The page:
Aizenberg’s hypothesis about the function of the fibers — a deep-sea version of room service for shrimp — makes the structure sound less like a high-rise than a high-class hotel. An offhand remark underscores this impression of elegance and polish: “This sponge is considered to be a work of art by glass designers. Almost anything that nature makes has the artistic touch. People didn’t even realize that it’s a biological form.”
Aizenberg takes the philosophical underpinnings of her research to heart. Her projects knock down disciplinary walls, cross-cutting old categorical divisions between nature and artifice. Her research fairly shouts that what is natural is built, and what is built is built best from nature’s blueprints.
The architectural metaphors are not lost on her. Her work aligns itself closely with the design-oriented disciplines that cluster around material science and mechanical engineering. In the course of her career she has, in fact, cultivated a fierce allegiance to the arts.
She guest-lectures for classes at New York School of Design and has given talks at the Science and Art Cabaret in Greenwich Village. At the moment she is hatching a plan for an undergraduate course on nature and design. She holds a joint appointment with the Radcliffe Institute for Advanced Study, a position that brings her into contact with each year’s fresh crop of Radcliffe Fellows, selected from an enormous range of fields in the humanities, social sciences, and natural sciences.
She admits that, after working for years in industry at Bell Laboratories, the Radcliffe appointment was one of her reasons for choosing to teach at Harvard.
“The community is unbelievable,” she says. “It’s unmatched. Nowhere in the world do you have the kind of collaboration you find here — the bringing together of engineering, chemistry, medicine, developing fields — science and art. People think that science and art don’t have anything to do with each other.”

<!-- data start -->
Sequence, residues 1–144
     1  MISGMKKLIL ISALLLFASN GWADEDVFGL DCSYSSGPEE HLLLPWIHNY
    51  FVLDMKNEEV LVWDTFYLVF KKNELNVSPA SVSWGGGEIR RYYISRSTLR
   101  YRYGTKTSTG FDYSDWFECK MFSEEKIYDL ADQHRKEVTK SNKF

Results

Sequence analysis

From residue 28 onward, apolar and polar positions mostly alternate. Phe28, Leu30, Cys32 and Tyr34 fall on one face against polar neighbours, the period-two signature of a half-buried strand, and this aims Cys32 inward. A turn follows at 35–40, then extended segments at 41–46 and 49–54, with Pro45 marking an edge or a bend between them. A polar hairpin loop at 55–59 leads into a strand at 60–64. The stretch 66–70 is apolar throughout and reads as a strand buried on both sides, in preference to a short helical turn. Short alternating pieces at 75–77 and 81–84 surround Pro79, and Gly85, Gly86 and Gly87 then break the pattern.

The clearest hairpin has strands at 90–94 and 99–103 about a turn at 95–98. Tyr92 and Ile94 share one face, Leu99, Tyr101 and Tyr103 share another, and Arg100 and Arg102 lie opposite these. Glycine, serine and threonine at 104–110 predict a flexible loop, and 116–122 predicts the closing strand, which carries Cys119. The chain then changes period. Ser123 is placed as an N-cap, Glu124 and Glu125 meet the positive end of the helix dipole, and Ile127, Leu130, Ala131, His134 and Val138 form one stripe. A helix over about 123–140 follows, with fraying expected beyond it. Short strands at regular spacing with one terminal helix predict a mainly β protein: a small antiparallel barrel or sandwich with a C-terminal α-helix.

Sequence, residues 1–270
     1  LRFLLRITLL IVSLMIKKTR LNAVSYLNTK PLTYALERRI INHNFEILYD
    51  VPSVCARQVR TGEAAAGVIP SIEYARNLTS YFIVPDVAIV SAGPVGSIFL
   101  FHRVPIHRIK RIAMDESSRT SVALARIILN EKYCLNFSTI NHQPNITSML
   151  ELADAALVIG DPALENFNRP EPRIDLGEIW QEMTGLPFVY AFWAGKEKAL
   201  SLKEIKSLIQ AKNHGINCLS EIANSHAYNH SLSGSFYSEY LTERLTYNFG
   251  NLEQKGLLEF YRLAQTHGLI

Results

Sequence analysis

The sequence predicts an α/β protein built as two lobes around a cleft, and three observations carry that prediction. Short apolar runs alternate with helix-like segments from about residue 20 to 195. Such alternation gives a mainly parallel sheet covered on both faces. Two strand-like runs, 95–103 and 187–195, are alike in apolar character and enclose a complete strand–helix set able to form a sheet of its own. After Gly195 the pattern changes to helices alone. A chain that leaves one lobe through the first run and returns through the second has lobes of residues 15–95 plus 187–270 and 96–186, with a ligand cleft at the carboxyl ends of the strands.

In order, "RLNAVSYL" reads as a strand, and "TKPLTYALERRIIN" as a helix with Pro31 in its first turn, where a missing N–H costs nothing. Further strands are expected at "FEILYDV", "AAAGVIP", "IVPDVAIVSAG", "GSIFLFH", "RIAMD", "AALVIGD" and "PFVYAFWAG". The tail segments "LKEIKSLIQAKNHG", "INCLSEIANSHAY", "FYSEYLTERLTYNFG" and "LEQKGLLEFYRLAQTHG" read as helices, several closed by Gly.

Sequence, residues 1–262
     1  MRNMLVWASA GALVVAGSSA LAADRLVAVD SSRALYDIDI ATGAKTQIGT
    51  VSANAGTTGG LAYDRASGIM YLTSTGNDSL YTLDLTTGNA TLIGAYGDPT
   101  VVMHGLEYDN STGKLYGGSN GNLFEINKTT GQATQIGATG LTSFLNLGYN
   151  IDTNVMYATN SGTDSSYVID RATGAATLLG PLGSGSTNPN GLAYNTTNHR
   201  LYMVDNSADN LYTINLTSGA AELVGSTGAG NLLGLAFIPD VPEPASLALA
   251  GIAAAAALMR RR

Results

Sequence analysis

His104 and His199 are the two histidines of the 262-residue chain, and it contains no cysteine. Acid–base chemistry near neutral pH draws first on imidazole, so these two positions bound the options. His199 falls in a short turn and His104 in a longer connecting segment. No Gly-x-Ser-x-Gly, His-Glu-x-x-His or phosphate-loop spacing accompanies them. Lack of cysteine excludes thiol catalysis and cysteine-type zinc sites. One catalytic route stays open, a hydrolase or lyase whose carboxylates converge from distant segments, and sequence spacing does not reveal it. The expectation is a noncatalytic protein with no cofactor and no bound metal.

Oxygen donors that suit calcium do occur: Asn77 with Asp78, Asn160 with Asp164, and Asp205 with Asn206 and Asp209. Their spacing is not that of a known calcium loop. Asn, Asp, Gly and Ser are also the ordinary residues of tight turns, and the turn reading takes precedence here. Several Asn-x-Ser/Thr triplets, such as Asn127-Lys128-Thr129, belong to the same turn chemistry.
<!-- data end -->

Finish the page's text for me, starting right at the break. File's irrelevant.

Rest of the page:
Aizenberg jumps from her desk and hurries over to a bulletin board adorned with Science magazine covers showing magnified crystal formations.
“But take biologically formed crystals. I did my undergraduate and graduate degree in crystallography and found myself often spending time in the microscope room simply admiring their incredible formations. They’re art. I sometimes forget that I’m doing science because it’s just so beautiful.”
Before returning to her desk, she makes a detour toward a collection of brightly colored plastic toys amassed on her windowsill. Like a grade-schooler at show-and-tell, she proffers a set of Rubik’s Cubes in dimensions of 2 inches, 3 inches, 4 inches, and Homer Simpson.
Homer’s bust, cut into eight swiveling quadrants (a contoured version of the 2-inch cube), is actually quite a hard puzzle, Aizenberg says. “You’re looking at only the facial features to solve it, and it’s confusing.”
Aizenberg, it turns out, collects puzzles and toys in addition to her natural curiosities. Her wonder and gleeful delight at both are the same: When she tosses up a segmented shell of interlinking blue plastic joints, the toy expands midair and flips inside out before landing back in her palm in a flaming shade of pink.
“Did you see it change color?” she asks excitedly. “Did you see it change color?”
Source: By Grace Tiao, Harvard University